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What can the Minneapolis Urban League do to survive it’s own reputation?

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Today I, Don Allen offer an olive branch to the Minneapolis Urban League. If I have to work to help keep the doors open, then let it be. It is much more important the agency survives its own storm with the assistance of broad thinkers like myself who hold the key to survival and re-invention.

By Don Allen, Publisher – Our Black News

One right move today can make the difference for the Minneapolis Urban League.

One right move today can make the difference for the Minneapolis Urban League.

Since 2007, the Minneapolis Urban League has been plagued with issues funding, accountability and questionable numbers of community members served by the agency. In 2007, community members were in shock as the city of Minneapolis re-directed over $700,000 in funding for a truancy program to another agency under the watchful hand of former Minneapolis mayor R.T. Rybak who maintained concerns the Minneapolis Urban Leagues program missed the mark in addressing critical needs in the areas of truancy and community engagement. The termination of the contract to manage the Curfew/Truancy Center also meant a dozen people hired by the program were unemployed effective December 31, 2007 when the current contract expires. The Minneapolis Urban League managed the program for the city and county since its inception, 12 years ago. The program was created as collaboration between then County Attorney (now U.S. Senator) Amy Klobachar, and then Minneapolis Mayor Sharon Sayles Belton.

Between 2008 and 2009, the Greater Twin Cities United Way pulled over $1 million from the agency. It was explained the United Way changed their focus from 7th-to-12th grade education to early childhood education and this was significant to MUL, because they operates both an elementary/middle school and high school that experienced a direct hit [approximately $500,000 per year].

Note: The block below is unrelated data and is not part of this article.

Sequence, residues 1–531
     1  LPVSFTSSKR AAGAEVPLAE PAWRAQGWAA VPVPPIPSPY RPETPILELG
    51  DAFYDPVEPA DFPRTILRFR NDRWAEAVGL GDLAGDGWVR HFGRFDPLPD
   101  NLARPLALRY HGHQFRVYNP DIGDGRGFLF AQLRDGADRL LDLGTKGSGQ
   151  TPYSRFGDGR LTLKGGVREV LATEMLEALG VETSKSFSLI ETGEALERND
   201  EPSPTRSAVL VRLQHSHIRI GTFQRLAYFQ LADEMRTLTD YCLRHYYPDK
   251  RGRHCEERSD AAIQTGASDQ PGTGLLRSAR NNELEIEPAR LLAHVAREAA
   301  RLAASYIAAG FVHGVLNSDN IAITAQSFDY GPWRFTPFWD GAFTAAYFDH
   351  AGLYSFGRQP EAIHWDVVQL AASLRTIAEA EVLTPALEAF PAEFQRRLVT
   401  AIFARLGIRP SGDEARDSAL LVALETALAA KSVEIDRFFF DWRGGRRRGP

In 2013, the Minnesota House of Representatives have enacted a bill attempting to establish a “13th” grade pilot project based in north Minneapolis. The bill, H.F. 1149 is part of an education and employability solution for young adults who are unemployed, underemployed and not enrolled in postsecondary education. Co-authored by Senators Jeff Hayden (D-SD 62), Bobby Joe Champion (D-SD 59), Representatives Ray Dehn (D-HD 59B) and Will Morgan (D-SD 56B), the bill is said to potentially impact over 3,000 young adults ages 18-26, placing them on college and career pathways by 2015. It states the commissioner of education shall develop a one-year “13th” grade pilot project, with one site being operated by the Minneapolis Urban League. Unfortunately, the oversight for this educational juggernaut was snatched away by the bills authors, leaving responsibilities only to officials and board members at the agency (MUL). That too was shut down when the Minneapolis Urban League was accused of potential double billing. The questions started after the Minneapolis School District awarded the Minneapolis Urban League as much as $800,000 a year for a program that never lived up to its promise of graduating the city’s most troubled high school students. Then Minnesota legislators agreed to give the Urban League $300,000 a year for nearly identical work, paying some of the same staff to work with many of the same students the school district already was paying to help. Now top state officials and Minneapolis school leaders are investigating whether the Urban League is getting paid twice for similar work (Star Tribune).